PORT TOWNSEND — The Dove House Recovery Cafe is expected to open in September to provide help for recovering drug addicts.
Dove House Advocacy Services closed on the purchase of the building at 939 Kearney St., in July after entering into a purchase agreement in April.
Applications for remodeling permits are being filed this week, said Brian Richardson, program coordinator for the Jefferson County Recovery Cafe.
Originally, the Recovery Cafe was slated to open by Aug. 1, but due to renovations and permitting for the 60-year-old building, the earliest goal for opening has been pushed into September.
“Life gets in the way sometimes. We’re really grateful we’ve closed on the building,” Richardson said. “We’ve got to go through the process of remodeling it so it really is a safe, warm, drug- and alcohol-free space.
“We want to be open as soon as
possible and the most likely thing will be September. That would be the earliest.”
Recovery Cafes were started in 2003 in Seattle. They expanded into a network of similar cafes in 2016; more than 12 now exist nationwide.
The Seattle program has been assisting Richardson in building the Jefferson County cafe program.
“What we provide is that safe sober community,” Richardson said.
The resources the cafe will provide are free coffee and meals, support groups called “Recovery Circles” and classes in the School of Recovery.
The Recovery Cafe is membership based. To be a member and receive services, a person is required to have been sober for 24 hours, attend one Recovery Circle a week, and contribute to the cafe in some way, such as busing tables or helping in the kitchen, Richardson said.
“Recovery Cafe is not treatment, it’s not an [Alcoholics Anonymous] meeting, or other 12-step meeting. It’s also not a drop-in center,” Richardson said.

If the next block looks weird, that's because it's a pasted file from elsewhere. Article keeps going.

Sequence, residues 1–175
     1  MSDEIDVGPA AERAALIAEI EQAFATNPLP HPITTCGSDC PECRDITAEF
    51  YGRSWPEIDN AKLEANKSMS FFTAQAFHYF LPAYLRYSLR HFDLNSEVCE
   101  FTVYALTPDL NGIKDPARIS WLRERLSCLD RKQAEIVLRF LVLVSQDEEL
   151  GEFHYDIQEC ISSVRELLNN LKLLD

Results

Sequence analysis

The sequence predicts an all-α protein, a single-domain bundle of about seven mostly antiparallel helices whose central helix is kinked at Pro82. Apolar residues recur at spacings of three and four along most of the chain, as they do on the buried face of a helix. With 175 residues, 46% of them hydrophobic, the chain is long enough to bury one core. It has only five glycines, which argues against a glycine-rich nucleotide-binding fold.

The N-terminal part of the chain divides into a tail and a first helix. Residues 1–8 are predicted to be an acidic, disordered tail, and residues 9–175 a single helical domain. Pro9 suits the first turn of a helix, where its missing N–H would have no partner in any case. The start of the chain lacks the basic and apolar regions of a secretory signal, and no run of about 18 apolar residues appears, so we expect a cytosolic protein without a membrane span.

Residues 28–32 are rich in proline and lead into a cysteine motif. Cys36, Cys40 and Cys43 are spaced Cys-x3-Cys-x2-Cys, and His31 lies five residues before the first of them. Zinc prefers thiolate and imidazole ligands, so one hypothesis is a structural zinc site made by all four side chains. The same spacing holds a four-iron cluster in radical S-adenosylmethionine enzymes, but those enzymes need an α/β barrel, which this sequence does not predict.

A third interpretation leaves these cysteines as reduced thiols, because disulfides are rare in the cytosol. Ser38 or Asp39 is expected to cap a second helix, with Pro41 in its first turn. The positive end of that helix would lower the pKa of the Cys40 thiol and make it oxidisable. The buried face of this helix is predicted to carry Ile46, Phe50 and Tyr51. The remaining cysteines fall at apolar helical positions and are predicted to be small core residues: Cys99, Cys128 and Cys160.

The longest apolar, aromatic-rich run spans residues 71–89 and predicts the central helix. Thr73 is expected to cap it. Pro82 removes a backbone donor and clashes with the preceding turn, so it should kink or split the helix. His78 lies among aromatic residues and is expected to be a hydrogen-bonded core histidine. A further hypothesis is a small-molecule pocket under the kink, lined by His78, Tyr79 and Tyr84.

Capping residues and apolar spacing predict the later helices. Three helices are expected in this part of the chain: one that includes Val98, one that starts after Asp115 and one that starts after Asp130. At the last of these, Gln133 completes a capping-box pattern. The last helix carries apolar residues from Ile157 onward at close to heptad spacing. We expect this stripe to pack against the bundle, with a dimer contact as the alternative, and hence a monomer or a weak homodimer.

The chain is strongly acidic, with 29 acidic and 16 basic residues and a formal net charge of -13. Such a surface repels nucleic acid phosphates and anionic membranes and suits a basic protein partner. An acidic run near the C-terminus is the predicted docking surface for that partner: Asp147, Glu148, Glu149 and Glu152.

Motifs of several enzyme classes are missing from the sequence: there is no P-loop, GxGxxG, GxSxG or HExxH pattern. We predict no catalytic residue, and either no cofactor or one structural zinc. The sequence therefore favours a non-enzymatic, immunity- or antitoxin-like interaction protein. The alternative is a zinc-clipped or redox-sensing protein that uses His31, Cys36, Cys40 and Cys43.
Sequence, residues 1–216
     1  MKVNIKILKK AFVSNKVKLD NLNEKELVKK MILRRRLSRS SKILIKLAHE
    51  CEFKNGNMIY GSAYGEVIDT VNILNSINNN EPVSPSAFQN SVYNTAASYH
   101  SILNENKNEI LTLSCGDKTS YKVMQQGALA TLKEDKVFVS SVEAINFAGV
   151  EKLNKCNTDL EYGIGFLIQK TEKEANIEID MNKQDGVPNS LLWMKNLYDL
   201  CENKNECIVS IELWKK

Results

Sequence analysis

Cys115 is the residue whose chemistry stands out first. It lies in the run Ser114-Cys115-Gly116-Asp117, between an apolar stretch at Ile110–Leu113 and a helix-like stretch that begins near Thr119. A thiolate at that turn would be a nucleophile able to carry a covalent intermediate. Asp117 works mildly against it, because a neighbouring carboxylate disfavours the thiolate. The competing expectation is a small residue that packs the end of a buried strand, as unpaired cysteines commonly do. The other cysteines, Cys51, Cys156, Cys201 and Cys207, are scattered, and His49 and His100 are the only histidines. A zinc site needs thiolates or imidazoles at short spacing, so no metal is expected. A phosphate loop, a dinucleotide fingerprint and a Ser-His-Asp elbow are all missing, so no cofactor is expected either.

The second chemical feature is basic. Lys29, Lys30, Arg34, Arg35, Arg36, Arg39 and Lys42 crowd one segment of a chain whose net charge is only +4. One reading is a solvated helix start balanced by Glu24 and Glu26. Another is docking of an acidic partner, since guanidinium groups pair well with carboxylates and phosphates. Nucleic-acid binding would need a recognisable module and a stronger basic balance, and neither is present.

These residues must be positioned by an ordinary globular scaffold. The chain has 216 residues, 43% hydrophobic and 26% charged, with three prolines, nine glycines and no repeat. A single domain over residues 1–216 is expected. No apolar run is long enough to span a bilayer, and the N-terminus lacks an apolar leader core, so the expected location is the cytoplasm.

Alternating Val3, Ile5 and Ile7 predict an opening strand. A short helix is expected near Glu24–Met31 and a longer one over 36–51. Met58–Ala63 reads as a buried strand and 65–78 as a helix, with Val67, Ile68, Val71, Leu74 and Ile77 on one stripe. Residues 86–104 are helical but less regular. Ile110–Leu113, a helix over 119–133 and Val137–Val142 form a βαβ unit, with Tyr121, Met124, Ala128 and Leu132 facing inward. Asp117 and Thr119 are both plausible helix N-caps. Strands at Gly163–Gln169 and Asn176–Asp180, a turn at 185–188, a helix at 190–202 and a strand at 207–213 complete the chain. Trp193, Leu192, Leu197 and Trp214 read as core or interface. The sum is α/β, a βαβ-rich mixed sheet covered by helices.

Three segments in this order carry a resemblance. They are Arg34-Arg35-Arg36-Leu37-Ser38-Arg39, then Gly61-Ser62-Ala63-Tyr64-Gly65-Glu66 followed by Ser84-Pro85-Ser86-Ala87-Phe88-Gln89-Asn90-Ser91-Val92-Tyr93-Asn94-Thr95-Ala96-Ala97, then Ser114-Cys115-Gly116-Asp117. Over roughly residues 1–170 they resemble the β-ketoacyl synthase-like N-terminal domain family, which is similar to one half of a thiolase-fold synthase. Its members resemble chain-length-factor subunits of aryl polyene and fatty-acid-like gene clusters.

The members can work together for recovery from addiction, mental illness, homelessness and trauma, Richardson said.
“Dove House has been seeking ways to further support our clients within the larger community,” said Beulah Kingsolver, Dove House executive director.
“When we learned about the Recovery Cafe Network, we found that we shared values of empowerment, self-determination and deep respect for everyone’s life journey.”
The building used to be a bakery before Dove House purchased it and so the kitchen already had a stove, commercial sink and other high-end appliances, which Richardson said saved Dove House thousands of dollars.
The location was also critical because it is near services that members possibly will be using as well, such as the Port Townsend Food Bank and bus routes, Richardson said.
The Recovery Cafe project received $45,000 from the Jefferson County 1/10th of 1 percent tax revenue set aside for mental health programs in January after requesting $158,000. The project also received a $50,000 matching grant, according to the Mental Health/Substance Abuse Advisory Committee of Jefferson County Public Health.
Dove House continues to raise funds.
Donations can be sent by check to Dove House at 1045 10th St., Port Townsend, with “Recovery Café” in the memo line.
A donation page on the Dove House website says that 13 people have donated $5,035 toward a $10,000 goal for a second matching grant. The website is at www.mightycause.com/story/Recoverycafejc.
The project also is building a volunteer base. Volunteers are needed for a variety of positions, from serving food and helping with marketing to acting as facilitators for the Recovery Circles and providing professional skills classes.
It will take at minimum four volunteers to run just the cafe portion, Richardson said.
Potential volunteers, or those with items or building materials to donate, are asked to contact Richardson at [email protected] or 360-385-5292.
More information on specific cleaning events and a full list of services can be found at recoverycafejc.weebly.com.
Jefferson County reporter Zach Jablonski can be reached at 360-385-2335, ext. 5 or at [email protected].
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